Join the club by suggesting a good read

Saturday, June 9, 2007 | 12:00 a.m. CDT; updated 3:50 a.m. CDT, Monday, July 21, 2008

What do you like to read?

I always want to know. I ask my friends. I ask my students. Their choices help me get to know them better. But I’m also looking for that next great read. Personal recommendations are more honest than dust jacket quotes.

So I peppered friends and family with e-mails for suggestions for a summer book list. They came up with wonderful choices.

René Collins Rau, assistant to the executive director of MU’s Donald W. Reynolds Journalism Institute, likes the Richard Jury mysteries by Martha Grimes. “Beginning with ‘The Man With a Load of Mischief’ in 1984, each title in the series of 20 books is the name of a London pub. The book’s heroes, Scotland Yard Superintendent Richard Jury and Melrose Plant, the former eighth Earl of Caverness, encounter beautifully created characters as they solve murders. I laughed. I cried. I can’t wait for the next one.”

Reuben Stern, managing editor of the Missourian: “I’ve been singing the song for some time now that I think everyone needs to re-read George Orwell’s ‘1984.’ Because in the post-9/11 world, many of the scary things he predicted in that novel are happening around us.”

Jacqui Banaszynski, who teaches journalism at MU and has won a Pulitzer Prize, recommends “POPULATION 485: Meeting Your Neighbors One Siren at a Time” by Michael Perry. “You don’t have to be from rural Wisconsin to have this book take you home. Michael Perry is a tee-totaling, deer-hunting, woman-weary pragmatist who honors the cult of small-town potlucks and writes like a philosopher-angel. ‘Population 485’ is about going home after leaving to pursue whatever it is we pursue when we leave. He defies the Wolfe-ian notion that you can’t return. But he earns his way back, by joining the volunteer fire department and racing to meet his old/new neighbors, literally, one siren at a time. Along the way he learns (and teaches) an awful lot about family, faith (in more than the religious sense) and Being Fully Present In Life.”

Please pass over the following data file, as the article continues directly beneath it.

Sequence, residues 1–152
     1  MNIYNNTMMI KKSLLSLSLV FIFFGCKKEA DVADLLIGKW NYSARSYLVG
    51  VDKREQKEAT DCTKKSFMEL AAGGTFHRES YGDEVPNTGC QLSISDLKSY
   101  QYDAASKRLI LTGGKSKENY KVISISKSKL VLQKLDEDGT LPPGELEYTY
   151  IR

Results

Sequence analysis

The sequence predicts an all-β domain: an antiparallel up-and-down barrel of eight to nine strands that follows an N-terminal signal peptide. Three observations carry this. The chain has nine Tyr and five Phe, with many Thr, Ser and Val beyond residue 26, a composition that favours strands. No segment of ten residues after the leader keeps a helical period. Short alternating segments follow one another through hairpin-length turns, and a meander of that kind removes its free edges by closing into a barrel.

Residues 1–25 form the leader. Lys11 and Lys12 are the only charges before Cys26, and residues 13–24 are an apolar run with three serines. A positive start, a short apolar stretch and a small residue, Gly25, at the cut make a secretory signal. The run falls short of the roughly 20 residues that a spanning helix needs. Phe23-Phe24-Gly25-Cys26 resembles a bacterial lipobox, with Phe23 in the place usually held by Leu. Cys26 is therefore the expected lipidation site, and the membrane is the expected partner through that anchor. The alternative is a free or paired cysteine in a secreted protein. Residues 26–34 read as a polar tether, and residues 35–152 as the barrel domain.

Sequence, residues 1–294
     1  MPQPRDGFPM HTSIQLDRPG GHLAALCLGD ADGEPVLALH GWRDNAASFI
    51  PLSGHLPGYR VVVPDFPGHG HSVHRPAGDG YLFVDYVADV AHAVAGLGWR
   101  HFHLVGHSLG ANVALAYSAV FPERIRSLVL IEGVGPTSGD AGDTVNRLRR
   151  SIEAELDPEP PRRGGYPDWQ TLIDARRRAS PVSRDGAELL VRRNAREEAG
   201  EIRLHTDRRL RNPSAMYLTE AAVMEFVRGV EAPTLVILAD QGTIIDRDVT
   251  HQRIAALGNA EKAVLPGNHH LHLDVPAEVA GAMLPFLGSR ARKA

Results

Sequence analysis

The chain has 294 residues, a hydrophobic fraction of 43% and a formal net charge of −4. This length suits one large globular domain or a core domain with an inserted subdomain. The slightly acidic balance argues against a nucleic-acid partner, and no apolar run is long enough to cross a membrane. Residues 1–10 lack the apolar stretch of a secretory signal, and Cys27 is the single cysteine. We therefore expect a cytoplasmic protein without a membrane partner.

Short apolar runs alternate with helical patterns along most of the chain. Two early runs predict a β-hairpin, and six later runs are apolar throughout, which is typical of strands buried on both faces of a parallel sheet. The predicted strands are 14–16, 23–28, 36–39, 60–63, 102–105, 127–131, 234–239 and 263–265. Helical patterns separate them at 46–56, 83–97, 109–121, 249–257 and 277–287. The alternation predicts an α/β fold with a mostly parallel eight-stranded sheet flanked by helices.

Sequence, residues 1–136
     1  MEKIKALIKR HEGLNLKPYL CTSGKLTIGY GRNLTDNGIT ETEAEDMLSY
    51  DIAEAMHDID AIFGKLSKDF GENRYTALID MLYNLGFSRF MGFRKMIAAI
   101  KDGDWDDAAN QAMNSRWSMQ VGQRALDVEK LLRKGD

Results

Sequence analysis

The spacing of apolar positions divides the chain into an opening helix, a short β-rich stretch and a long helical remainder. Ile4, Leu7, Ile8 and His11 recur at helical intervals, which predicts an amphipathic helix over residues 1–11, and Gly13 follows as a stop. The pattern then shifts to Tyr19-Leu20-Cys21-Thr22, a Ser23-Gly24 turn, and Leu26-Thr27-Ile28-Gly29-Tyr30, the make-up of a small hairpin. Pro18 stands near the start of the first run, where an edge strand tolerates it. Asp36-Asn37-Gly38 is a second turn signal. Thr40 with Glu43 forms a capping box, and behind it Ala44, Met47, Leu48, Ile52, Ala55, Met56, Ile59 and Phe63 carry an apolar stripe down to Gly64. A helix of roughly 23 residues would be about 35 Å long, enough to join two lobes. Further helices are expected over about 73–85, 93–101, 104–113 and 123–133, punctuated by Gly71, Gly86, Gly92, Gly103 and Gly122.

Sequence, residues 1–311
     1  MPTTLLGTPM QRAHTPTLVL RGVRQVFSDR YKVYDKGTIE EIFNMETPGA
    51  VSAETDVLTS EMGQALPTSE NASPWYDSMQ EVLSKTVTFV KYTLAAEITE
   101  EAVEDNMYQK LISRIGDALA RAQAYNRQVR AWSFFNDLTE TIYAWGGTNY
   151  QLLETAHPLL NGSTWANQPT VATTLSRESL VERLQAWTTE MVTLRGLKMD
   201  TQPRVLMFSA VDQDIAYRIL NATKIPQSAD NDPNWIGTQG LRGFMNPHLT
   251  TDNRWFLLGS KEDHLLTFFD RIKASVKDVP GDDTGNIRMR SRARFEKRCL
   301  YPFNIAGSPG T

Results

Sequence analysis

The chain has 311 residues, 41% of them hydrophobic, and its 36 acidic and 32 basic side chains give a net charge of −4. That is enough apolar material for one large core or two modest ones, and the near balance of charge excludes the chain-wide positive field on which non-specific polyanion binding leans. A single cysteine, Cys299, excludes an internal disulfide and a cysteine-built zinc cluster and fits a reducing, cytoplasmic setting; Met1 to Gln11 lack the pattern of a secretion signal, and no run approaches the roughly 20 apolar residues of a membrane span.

Rob Powell, a senior MU journalism student from Overland Park, Kan.: “Summer reading to me seems like it should be light, easy reading. I would recommend ‘Dress Your Family in Corduroy and Denim’ by David Sedaris. Soooo funny. Actually, anything this man writes is hilarious.”

Martha Alexander, retired director of MU libraries: “In his compelling book, ‘Hamlet’s Dresser: A Memoir,’ Bob Smith weaves together the story of his youth and his passion in later life for teaching Shakespeare to senior citizens. Smith shares how, as a boy whose home life revolved around caring for his profoundly retarded sister, he discovered the world through the language of Shakespeare and people in theater, including Katharine Hepburn, John Houseman and Bert Lahr. This page-turner reads like a novel.”

Jody Demo-Hodgins, executive director of the Alcohol, Drug and Mental Health Board in Marion, Ohio: “I really liked ‘Midwives’ by Chris Bohjalian because he did a great job of using the child as a narrator. It was a thoughtful look about how a home birth gone wrong leads to a trial and how that impacts the girl, her mom, the midwife and the family, as well as the community. I was impressed with the view of the midwife and her place in today’s society.”

My mother, Donna Lawrence, a retired teacher: “I loved ‘First Mothers: The Women Who Shaped the Presidents’ by Bonnie Angelo. The first chapter begins with Sara Delano Roosevelt and ends with Virginia Clinton Kelly. Angelo was a reporter for Time who covered eight presidents and their families. She was inspired to write the book after hearing the presidents frequently praising their mothers for their influences on their lives. Her well-written book suggests that it was often these strong mothers, with unconditional belief in their sons, who helped shape the personalities and ambitions that helped these men to become the leaders of our nation.”

My father, Richard Lawrence, a retired farmer: “When I finished reading ‘John Adams’ by David McCollough, I just wanted to pick it up and read it again. It was so good!”

What do you recommend? Log in and add your favorites in the comments section below, be a contributor to or put your picks on paper and mail them to us P.O. Box 917; Columbia, MO 65205.

Mary Lawrence teaches editing at the Missouri School of Journalism.

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